If this sounds complicated, it’s because it is – far beyond the abilities of a normal jury to understand. Trump will have strong grounds to appeal. Trial judge Juan Merchan may have erred in allowing the extensive, prejudicial testimony by Clifford, which had little relevance to accounting rules or campaign finance. 

Observers have already objected to Judge Merchan’s allowance of Clifford’s inflammatory testimony, his interruptions of Robert Costello’s impeachment of Cohen, and his bar on the appearance of Brad Smith (Trump’s expert on campaign law). Appeals courts have little interest in second-guessing a trial judge on evidentiary rulings, but Judge Merchan made several serious errors of law well-poised for reversal. For example, he allowed the prosecution to withhold the second, greater crime allegedly enabled by the bookkeeping shenanigans until the very end of the trial.  This violated Trump’s constitutional right of clear notice of the charges so he could put on an adequate defense.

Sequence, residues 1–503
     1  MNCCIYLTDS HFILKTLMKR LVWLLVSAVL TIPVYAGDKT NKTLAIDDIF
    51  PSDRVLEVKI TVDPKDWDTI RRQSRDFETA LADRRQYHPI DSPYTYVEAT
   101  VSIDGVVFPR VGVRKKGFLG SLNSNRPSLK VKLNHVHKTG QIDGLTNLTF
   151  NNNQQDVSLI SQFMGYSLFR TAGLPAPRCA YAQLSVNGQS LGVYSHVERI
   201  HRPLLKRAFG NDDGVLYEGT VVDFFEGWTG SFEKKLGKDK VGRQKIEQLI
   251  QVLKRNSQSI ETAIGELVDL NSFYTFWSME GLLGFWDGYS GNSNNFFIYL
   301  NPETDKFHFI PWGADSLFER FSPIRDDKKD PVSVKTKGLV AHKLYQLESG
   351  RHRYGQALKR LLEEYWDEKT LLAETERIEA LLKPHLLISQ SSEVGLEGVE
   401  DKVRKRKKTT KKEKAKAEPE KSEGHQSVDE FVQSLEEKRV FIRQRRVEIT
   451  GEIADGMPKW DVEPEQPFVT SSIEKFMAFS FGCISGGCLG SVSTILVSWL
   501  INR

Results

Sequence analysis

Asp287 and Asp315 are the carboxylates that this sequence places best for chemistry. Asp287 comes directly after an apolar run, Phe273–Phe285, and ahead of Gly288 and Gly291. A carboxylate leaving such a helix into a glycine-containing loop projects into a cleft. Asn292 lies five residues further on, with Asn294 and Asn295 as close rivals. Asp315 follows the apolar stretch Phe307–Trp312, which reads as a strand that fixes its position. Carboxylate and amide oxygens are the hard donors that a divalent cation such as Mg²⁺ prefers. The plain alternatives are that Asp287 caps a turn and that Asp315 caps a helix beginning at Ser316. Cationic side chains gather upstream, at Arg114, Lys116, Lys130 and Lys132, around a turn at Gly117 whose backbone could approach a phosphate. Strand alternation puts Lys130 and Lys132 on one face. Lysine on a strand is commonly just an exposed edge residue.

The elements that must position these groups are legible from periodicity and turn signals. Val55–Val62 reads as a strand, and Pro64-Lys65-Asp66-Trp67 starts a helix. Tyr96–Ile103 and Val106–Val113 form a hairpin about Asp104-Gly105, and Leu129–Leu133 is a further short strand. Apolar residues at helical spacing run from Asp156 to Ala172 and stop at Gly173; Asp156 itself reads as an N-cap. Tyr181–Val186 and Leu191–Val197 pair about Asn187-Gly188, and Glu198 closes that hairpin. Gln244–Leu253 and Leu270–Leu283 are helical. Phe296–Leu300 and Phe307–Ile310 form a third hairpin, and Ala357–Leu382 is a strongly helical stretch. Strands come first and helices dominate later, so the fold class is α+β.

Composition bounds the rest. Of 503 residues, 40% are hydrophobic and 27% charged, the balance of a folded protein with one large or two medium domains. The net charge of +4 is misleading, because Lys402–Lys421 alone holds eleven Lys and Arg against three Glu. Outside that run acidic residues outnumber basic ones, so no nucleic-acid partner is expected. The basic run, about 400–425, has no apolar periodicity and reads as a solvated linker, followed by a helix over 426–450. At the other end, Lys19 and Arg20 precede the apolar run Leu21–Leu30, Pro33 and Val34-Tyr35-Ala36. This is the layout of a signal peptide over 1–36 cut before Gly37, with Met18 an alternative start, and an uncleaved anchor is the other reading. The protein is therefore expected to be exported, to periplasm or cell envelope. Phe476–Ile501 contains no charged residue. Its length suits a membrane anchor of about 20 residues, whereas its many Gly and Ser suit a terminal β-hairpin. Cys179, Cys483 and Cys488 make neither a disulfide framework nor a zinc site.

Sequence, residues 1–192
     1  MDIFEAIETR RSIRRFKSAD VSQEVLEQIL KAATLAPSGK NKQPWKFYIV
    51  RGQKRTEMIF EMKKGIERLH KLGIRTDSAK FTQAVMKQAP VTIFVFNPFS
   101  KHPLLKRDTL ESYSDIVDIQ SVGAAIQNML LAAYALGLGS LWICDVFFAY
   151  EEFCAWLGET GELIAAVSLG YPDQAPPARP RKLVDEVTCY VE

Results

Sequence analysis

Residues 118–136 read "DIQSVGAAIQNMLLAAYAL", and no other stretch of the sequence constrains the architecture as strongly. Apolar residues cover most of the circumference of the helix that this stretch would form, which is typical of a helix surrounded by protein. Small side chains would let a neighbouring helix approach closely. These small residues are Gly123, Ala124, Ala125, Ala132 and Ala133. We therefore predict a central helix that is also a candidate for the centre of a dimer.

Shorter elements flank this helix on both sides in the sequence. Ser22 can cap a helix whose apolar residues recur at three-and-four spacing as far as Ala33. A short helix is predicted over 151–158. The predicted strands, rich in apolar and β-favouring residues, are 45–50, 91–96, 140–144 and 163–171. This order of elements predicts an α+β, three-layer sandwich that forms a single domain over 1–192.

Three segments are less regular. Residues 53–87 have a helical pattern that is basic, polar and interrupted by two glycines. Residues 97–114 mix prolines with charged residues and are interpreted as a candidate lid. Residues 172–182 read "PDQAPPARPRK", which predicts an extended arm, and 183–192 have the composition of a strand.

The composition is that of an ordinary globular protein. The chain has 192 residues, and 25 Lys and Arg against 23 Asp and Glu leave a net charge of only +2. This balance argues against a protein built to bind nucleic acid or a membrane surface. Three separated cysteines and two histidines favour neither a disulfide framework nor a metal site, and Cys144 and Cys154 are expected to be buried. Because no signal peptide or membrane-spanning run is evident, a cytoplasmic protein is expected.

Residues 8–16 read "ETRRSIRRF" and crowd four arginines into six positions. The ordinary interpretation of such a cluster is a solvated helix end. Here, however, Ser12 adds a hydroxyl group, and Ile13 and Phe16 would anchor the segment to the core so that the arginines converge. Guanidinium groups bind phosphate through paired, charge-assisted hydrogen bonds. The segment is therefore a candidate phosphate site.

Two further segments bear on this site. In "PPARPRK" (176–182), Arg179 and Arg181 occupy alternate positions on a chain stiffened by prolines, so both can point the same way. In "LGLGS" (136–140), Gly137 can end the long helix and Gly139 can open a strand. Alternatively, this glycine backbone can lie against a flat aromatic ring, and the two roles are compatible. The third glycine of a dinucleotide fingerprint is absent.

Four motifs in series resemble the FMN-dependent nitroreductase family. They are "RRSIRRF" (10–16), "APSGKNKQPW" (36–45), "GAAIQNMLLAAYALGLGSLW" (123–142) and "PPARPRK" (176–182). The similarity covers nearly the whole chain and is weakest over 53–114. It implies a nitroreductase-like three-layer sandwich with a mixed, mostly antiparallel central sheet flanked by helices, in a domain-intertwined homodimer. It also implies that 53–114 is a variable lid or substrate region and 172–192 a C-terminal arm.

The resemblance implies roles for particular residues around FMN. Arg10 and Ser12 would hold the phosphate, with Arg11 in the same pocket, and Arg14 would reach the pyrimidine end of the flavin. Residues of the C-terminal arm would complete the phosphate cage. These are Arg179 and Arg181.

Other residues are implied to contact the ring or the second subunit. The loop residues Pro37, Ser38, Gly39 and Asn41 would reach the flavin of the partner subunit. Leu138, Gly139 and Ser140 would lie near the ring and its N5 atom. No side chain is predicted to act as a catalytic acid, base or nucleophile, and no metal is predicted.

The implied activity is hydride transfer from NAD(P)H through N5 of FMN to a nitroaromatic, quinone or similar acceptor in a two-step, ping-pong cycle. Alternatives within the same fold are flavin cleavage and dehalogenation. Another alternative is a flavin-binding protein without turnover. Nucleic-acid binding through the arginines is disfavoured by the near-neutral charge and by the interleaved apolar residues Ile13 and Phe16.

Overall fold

In an equally serious mistake, Merchan allowed the Manhattan DA to enforce his personal version of federal election law. The Supreme Court has made clear in cases such as New York v. United States (1992), Printz v. United States (1997), and Arizona v. United States (2012), that the Constitution forbids state officers from prosecuting violations of federal law. The Constitution’s take care clause vests that authority only in the president and his subordinates. 

Years could pass before Trump can take his appeals through the state appeals court system to the U.S. Supreme Court, where he would win solely on this last issue.